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Read-time _apply_: an external representation for any value



This article was inspired by an exchange of messages between
Dr. Clinger and Dr. Feeley about external representation of uniform
vectors, which are proposed in SRFI-4. This post attempts to make a
rather sweeping generalization of Dr. Clinger's suggestion. It
proposes an extensible, new old way for external representation of
Scheme values: read-time _application_.


Motivation
Introduction
Proposed syntax
Examples
Representation of uniform vectors and matrices
Comparisons
        Comparisons with CL's #. reader-macro
How to extend the reader while it scans the code
Going ahead


Motivation

The exchange of messages mentioned above stemmed from a minor
incompatibility between SRFI-4 and some Scheme implementations: SRFI-4
says:
> [T]he external representation of instances of the datatype TAGvector is
> #TAG(... elements ...). ... Note that the syntax for float vectors
> conflicts with Standard Scheme which parses #f32() as 3 objects: #f, 32,
> and ().  For this reason, conformance to this SRFI implies this minor
> nonconformance to Standard Scheme.

In a message <http://srfi.schemers.org/srfi-4/mail-archive/msg00002.html>
Dr. Clinger proposed a general workaround for this incompatibility
problem:
> why not consume just one more octathorpe [that is, #]
> character (say 'v' for vector) as follows:
>    #vs8(...) #vu8(...) [elided] #vf64(...)
> Then some future SRFI for vectors of vectors of floating point numbers
> (or whatever) will have a notation that can be extended for the purpose,
> and we won't have to have this same discussion all over again for the
> second time, redundantly.

I'd like to discuss an even more generic, universal way of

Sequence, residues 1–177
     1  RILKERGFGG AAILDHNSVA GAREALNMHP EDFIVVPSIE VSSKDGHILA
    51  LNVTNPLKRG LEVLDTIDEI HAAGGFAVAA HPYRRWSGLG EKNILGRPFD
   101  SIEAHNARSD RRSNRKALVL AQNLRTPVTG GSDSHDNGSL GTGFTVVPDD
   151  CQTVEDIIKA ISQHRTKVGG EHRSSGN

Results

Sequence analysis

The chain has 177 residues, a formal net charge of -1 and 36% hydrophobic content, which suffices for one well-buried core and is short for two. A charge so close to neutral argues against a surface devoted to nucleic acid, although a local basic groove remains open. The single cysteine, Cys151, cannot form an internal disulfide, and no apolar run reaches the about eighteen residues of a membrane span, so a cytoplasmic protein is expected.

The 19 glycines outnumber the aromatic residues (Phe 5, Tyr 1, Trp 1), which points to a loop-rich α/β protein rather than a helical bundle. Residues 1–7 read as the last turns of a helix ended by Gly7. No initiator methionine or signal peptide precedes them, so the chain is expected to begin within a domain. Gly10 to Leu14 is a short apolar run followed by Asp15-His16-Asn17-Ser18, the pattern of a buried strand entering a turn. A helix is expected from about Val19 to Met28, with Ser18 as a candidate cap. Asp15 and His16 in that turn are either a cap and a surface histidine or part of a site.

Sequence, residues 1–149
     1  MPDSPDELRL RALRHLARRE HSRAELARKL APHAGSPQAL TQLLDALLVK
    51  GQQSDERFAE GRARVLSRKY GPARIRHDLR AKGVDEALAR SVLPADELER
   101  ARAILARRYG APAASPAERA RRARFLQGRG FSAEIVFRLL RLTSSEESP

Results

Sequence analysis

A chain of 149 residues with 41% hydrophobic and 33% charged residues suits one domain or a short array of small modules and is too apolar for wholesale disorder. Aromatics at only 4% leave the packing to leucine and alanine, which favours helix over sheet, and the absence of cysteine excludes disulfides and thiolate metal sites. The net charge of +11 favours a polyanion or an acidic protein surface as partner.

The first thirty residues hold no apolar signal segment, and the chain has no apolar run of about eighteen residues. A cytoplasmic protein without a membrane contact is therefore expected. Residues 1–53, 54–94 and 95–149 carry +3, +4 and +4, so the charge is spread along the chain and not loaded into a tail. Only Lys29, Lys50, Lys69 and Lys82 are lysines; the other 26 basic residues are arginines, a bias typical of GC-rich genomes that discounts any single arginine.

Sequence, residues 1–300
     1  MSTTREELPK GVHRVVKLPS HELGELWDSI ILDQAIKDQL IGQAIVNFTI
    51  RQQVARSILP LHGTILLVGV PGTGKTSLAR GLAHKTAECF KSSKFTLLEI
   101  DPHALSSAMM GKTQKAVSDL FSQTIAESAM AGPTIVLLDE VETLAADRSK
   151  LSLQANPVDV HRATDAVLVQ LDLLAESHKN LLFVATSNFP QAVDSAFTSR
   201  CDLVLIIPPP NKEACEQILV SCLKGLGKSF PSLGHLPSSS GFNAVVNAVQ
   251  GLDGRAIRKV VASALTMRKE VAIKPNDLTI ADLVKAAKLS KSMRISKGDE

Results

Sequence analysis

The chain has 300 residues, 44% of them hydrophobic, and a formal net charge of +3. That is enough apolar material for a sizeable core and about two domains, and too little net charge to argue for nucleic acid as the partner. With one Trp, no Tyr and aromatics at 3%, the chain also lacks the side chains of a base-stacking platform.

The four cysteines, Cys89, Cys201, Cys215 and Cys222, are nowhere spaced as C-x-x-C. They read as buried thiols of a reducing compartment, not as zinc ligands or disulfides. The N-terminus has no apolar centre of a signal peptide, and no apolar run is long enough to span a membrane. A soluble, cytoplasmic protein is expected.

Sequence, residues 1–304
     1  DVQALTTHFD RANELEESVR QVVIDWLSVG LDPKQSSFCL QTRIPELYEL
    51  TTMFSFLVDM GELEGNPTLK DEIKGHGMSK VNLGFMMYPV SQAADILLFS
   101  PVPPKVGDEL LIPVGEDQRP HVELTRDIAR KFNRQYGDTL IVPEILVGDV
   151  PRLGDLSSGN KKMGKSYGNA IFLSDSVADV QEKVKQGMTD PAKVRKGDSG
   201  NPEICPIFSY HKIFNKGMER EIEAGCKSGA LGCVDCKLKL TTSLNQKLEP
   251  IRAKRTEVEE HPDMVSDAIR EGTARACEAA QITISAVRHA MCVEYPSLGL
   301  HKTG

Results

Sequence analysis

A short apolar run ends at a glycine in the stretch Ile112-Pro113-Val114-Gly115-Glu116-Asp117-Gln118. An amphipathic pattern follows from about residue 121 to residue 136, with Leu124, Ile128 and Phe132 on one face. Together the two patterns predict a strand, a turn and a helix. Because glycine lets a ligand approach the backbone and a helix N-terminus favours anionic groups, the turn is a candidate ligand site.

representing an arbitrary Scheme data type. It is similar to
Smalltalk's object serialization and CL's #. reader-macro.


Introduction

In Smalltalk, any object that defines a 'writeOn:' method may be asked
to externalize itself. The result is a string that spells out a
particular invocation of object's constructor. Evaluation of this
string by an interpreter recreates the original object. LISP X3J13 document
<http://www.harlequin.com/education/books/HyperSpec/Body/sec_2-4-8-6.html>
expresses the goal of a read-time _evaluation_ with utmost clarity:
"For an object that does not have a convenient printed representation,
a form that computes the object can be given using the #. notation."

It appears however that a weaker alternative -- a read-time
_application_ -- may suffice. Most of the Scheme values -- with an
exceptions of ports, structures, wills, semaphores and other exotic
beasts -- have an external representation. The representations of
booleans, numbers, lists, vectors, strings, etc. are codified in
RnRS. Every Scheme reader has an in-born knowledge how to parse the
corresponding strings and build Scheme values they represent. The set
of these built-in constructors is however fixed, and not amenable. I'd
like to propose to lift this limitation.


Proposed syntax of a read-time application

        #`(tag arg1 ...)
A 'tag' must be an (external representation of an) identifier, and
'arg1' etc. are external representations of some values, including
other read-time applications. #@ (rather than #`) seems to be another
good way to denote read-time applications.

Upon encountering an #` external form, the read procedure should
locate a read-constructor associated with the 'tag', read the
arguments 'arg1'... and apply the constructor to the arguments. The